On First Friday, March 6, New Boon(e) debuted a one night exhibition of painting and commentary among friends. The show “Forever” not only puts a new body of work by artist Kim Altomare on display, but provides accompanying audio analyses by curator and friend Anne Pagana, as well as a gallery tour and performance by Josh Beaver.
Altomare’s paintings are extremely fluid and quite alluring, and could very easily stand on their own for this exhibition. Each work is a symbolic abstraction focused on a specific object. Among these we find the door, the book, the paw and a slew of knives or “heavenly weapons.” With any artwork, however, once it leaves the studio and enters the gaze of audiences, curators and writers, it begins to take on meanings and interpretations that even the artist may not have intended. As such, alongside each painting we find a CD player containing audio commentary from Pagana.
One of the CD players with accompanying commentary.
Other than the obvious differences from your average show – namely bedazzled Discmans and headphones covered in paint, glitter and googly eyes – we also find the insights by Pagana to be somewhat different from what we might expect. Instead of a lofty stream of cultural references, Pagana’s criticism is very personal and intentionally biased towards Altomare by way of the pair’s friendship.
We are pulled into an intimate artistic exchange as the relationship between Altomare and Pagana is revealed. The dialogue here seems far more casual than many such conversations, and rightly so. Pagana speaks of the ‘love hours’ that go into any given creation, which on one hand could be true of any artist who spends significant time and energy exploring a medium or concept. On the other hand, as Altomare’s friend, Pagana is personally better equipped to speak on this topic, having seen the rewards and the challenges of the artistic process firsthand.
Kim Altomare, “The Door.”
In this exhibit, “The Door” is clearly both our starting point and our exit into understanding the work. Pagana calls this one of Altomare’s first mature pieces, and it is easy to see why she was so taken with it. On the tall canvas, we see the visage of a door superimposed over a brown background textured with roundish dashes and dots. Its edges are notably rounded, giving it the appearance of an iPad more than an entryway, but then again, how often are such devices our starting point for initiating or following up on our experiences?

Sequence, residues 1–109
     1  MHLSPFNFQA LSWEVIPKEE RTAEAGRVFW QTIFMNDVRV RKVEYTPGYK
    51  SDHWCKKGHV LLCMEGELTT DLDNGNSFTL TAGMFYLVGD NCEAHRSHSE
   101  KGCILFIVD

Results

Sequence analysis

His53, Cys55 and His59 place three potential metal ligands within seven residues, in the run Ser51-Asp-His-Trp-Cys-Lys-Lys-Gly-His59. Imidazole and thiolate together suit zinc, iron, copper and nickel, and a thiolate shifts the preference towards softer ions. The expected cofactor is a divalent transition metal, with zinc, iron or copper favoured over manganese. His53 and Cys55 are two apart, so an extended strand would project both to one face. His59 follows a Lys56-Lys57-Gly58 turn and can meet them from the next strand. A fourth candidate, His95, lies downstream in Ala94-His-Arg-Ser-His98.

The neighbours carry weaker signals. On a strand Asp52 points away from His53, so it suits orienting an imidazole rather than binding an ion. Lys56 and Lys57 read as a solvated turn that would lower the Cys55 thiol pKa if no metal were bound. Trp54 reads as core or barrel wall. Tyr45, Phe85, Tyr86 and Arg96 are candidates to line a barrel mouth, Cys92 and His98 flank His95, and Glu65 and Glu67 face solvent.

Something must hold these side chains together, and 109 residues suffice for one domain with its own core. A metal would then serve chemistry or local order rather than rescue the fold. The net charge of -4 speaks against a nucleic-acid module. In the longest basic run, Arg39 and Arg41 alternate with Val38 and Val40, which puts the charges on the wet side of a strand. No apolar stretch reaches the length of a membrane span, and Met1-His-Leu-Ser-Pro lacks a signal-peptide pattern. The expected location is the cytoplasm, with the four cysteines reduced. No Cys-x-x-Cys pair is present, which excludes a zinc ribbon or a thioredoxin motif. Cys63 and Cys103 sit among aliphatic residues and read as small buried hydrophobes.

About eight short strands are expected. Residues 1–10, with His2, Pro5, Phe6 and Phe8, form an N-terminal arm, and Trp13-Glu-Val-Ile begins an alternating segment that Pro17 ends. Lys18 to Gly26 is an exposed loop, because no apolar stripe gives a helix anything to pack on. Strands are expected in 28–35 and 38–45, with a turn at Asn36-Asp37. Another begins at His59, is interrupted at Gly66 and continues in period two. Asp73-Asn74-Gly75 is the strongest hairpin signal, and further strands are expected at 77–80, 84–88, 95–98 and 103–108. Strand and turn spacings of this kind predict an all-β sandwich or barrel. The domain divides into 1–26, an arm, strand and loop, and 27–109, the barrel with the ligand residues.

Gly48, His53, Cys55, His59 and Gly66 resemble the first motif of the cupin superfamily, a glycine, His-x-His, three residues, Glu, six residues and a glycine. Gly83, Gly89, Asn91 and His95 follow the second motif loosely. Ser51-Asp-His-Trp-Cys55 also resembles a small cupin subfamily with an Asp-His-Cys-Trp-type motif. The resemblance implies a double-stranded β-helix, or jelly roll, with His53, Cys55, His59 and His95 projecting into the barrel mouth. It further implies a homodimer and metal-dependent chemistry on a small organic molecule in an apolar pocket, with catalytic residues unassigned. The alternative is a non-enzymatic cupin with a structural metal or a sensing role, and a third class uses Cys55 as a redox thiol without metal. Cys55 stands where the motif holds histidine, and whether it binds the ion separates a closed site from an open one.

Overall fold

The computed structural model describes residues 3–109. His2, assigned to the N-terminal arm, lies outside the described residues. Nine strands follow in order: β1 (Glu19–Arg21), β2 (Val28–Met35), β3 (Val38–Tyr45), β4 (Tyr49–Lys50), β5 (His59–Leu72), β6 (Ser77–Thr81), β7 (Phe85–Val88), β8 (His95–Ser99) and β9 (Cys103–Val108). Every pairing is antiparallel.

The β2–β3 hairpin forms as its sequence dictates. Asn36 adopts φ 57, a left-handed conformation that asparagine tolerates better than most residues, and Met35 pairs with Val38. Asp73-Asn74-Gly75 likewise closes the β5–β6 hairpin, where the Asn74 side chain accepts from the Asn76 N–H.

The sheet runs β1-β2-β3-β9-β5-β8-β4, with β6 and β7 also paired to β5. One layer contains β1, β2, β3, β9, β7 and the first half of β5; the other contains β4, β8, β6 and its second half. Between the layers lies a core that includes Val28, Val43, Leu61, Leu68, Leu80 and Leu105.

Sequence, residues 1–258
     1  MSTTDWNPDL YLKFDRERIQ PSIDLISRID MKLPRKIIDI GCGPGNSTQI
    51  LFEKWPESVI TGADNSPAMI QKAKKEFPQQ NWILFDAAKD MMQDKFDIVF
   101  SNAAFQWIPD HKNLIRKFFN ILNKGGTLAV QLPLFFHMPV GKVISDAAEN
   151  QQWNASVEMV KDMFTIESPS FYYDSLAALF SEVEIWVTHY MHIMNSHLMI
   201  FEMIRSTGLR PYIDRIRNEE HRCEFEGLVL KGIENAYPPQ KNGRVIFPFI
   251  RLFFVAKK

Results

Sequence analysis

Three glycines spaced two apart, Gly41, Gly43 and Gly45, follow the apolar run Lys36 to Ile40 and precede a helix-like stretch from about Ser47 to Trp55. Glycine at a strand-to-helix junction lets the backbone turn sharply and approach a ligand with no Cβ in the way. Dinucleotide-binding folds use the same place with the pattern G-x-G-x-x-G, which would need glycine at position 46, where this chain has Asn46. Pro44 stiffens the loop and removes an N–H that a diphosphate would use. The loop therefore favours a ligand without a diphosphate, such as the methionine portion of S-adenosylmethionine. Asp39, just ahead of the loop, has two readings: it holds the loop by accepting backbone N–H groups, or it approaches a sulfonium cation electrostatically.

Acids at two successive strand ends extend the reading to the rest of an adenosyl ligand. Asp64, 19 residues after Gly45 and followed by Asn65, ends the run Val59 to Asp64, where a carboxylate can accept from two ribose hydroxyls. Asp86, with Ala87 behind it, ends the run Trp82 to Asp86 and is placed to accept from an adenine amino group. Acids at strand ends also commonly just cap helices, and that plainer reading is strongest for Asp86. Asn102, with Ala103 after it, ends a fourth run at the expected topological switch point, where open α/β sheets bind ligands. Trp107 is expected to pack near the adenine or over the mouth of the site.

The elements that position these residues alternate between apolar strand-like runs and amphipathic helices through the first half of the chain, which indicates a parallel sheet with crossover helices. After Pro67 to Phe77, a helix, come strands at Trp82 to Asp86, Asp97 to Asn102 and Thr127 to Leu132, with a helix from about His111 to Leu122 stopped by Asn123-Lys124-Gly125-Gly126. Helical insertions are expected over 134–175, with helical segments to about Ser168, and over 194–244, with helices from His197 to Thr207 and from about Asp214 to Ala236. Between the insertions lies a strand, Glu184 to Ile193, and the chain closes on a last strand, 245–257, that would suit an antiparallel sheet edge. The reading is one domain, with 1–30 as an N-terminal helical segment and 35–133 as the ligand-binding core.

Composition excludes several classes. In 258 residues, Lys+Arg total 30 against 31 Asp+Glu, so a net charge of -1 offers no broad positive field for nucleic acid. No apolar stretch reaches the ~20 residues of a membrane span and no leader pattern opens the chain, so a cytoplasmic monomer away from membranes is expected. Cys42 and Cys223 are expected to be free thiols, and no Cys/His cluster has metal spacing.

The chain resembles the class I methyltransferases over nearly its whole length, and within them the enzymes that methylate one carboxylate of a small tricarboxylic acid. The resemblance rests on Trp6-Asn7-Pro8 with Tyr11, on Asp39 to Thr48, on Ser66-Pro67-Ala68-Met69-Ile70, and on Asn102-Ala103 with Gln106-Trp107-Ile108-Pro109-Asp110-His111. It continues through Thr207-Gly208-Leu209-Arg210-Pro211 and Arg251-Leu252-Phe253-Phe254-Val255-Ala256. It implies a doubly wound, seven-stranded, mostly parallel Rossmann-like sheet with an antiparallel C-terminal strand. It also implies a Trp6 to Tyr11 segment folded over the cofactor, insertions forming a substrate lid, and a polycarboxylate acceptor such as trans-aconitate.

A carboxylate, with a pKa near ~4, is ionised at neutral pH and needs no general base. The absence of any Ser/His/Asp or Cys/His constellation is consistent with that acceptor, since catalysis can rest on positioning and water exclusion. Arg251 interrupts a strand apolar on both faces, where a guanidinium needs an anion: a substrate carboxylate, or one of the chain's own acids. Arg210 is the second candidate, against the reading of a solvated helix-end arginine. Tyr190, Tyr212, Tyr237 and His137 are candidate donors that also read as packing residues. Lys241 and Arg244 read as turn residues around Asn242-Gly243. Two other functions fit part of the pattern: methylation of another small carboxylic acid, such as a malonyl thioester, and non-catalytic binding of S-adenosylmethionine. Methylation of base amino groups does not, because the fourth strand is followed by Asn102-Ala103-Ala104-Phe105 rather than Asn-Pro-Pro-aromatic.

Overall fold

Ethereal orbs crown the door’s top and drift before its bottom, investing themselves somehow in both beginning and end; ingress and egress. The doorknob and keyhole are spectral too, implying an ambiguity of both substance and action. How do we determine the precise instant something starts or finishes? Where exactly is the border between inside and out? Altomare embraces these enigmas and approaches them through pigments.
Kim Altomare, “Heavenly Weapons.”
Flying daggers crisscross a pink field in “Heavenly Weapons” as they slice through air and stab into the void. The black hole in the upper left corner seems simultaneously like a target the blades were launched at, and a gravitational force drawing them in. Globules of blood fall toward a bucket and platform below as bright yellow stars erupt near the top of the tall canvas. Whatever struggle is occurring, it seems like a righteous one, and although no people are present, the weapons bring an implied humanity to the table.
Kim Altomare, “The Book.”
Providing more intellectual and imaginative material in the face of knife fights and gateways, we come to the “The Book.” One of the more abstract images on display, this piece doesn’t offer much to work with, but what it lacks can be made up in the institution it represents: language. Words can convey stories, facts or feelings, as both Pagana and Beaver well know, and yet Altomare dodges them altogether. What she leaves us with instead is a glowing tome split wide open for the taking. The scribbled lines and modest splashes of color beckon us to fill in its contents ourselves, a figurative ‘blank canvas’ depicted through a fully painted final version. Altomare’s picture may be finished, but its interpretations are as varied as the stories we could write about it.
Through all of the artwork in “Forever,” we are given an introduction to a raw symbol constructed by Kim Altomare and left to our devices. Pagana and Beaver do their part to inform us as friends and collaborators, but they only direct us toward the limitless possibilities inherent in every image – here and beyond.
Arts / Article